- Software name: appdown
- Software type: Microsoft Framwork
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mean when they say they are weighed down by Things. The material
"Lalage," Bruce cried. "The Spanish--and the same name! Why, that is the same woman who received me on that fatal night at the corner house!""Yes, certainly. It will take time of course, but the damage done to the St. Rombout church214 and the palace is not irreparable; the church has suffered very much, the spire is less damaged."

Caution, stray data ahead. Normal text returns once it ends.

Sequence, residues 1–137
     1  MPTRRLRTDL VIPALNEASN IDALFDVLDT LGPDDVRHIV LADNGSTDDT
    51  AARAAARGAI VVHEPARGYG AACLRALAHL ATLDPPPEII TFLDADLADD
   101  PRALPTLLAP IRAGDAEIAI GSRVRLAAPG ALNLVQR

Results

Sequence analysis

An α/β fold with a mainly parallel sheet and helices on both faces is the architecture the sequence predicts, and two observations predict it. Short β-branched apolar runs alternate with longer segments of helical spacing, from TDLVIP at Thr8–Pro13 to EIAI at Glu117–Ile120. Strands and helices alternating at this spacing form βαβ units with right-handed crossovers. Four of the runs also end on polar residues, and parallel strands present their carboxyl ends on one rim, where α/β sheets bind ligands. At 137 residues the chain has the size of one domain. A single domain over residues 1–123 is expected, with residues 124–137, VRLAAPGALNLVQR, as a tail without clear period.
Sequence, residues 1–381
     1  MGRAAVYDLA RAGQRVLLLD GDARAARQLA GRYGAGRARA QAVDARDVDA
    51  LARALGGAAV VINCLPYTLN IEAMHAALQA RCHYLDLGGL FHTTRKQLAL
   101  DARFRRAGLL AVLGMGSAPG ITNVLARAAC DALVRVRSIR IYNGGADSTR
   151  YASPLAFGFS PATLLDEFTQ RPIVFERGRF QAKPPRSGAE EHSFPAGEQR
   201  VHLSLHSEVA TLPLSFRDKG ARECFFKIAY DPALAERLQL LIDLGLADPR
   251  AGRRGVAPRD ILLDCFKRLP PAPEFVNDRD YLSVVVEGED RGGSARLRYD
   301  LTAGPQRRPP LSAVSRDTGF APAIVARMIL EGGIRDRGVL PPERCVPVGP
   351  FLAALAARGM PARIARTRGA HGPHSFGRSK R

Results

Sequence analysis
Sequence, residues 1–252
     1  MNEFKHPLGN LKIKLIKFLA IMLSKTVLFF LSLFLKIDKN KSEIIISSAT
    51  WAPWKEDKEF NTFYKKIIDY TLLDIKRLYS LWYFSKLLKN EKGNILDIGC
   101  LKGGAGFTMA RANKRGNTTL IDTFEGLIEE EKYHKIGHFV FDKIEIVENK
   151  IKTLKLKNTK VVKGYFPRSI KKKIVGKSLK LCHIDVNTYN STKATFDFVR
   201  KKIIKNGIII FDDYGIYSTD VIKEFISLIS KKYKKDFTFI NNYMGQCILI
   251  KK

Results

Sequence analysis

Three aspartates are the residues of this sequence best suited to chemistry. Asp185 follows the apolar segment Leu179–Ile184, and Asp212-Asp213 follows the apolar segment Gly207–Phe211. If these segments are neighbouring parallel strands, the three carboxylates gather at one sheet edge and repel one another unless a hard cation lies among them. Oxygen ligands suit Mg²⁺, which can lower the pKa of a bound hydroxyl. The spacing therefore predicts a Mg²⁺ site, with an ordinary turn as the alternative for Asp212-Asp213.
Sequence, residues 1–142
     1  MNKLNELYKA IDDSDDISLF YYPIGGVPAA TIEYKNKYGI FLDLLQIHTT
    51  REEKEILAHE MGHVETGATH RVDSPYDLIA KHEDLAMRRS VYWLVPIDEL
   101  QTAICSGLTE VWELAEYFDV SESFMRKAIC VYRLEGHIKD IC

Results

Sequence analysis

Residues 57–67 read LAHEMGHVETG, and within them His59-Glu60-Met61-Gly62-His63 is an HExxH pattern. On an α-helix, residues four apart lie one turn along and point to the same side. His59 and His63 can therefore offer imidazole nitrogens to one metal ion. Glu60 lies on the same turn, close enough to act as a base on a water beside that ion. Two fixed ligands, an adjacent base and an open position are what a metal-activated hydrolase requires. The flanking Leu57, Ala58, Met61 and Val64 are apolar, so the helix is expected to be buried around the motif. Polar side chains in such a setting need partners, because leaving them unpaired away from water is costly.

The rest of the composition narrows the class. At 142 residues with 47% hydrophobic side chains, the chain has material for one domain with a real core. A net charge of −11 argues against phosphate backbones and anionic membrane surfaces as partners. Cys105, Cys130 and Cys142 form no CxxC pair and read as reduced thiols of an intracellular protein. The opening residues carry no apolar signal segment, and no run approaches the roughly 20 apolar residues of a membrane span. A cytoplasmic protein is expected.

To return to shop processes in manufacturing. Material operated upon has to be often, sometimes continually, moved from one place to another to receive successive operations, and this movement may be either vertically or horizontally as determined, first, by the relative facility with which the material may be raised vertically, or moved horizontally, and secondly, by  the value of the ground and the amount of room that may be available, and thirdly by local conditions of arrangement. In large cities, where a great share of manufacturing is carried on, the value of ground is so great that its cost becomes a valid reason for constructing high buildings of several storeys, and moving material vertically by hoists, thus gaining surface by floors, instead of spreading the work over the ground; nor is there any disadvantage in high buildings for most kinds of manufacture, including machine fitting even, a proposition that will hardly be accepted in Europe, where fitting operations, except for small pieces, are rarely performed on upper floors."Berlin, November 10th. (W. B.) Official.The Norddeutsche Allgemeine Zeitung writes: 'The daily newspaper, De Tijd, issued at Amsterdam, published on October 16th a report from a war correspondent at Maastricht, in which he asserted that on October 9th a train in which more than two thousand wounded were transported, arrived at the station at Landen in Belgium between Tirlemont and Waremme. Here it was said that a stop had taken place of forty minutes in which to provide the wounded with food. Walking up and down the platform the reporter pretends to have seen two to three hundred German soldiers, slightly wounded men and men of the garrison of Landen, furiously abuse three seriously wounded British, who were lying in one of the last carriages of the train. They showed mugs full of steaming soup to the hungry British, whom they left lying there miserable from starvation. They were also said to have aimed their rifles at them, laughing roughly, and to have spit on them.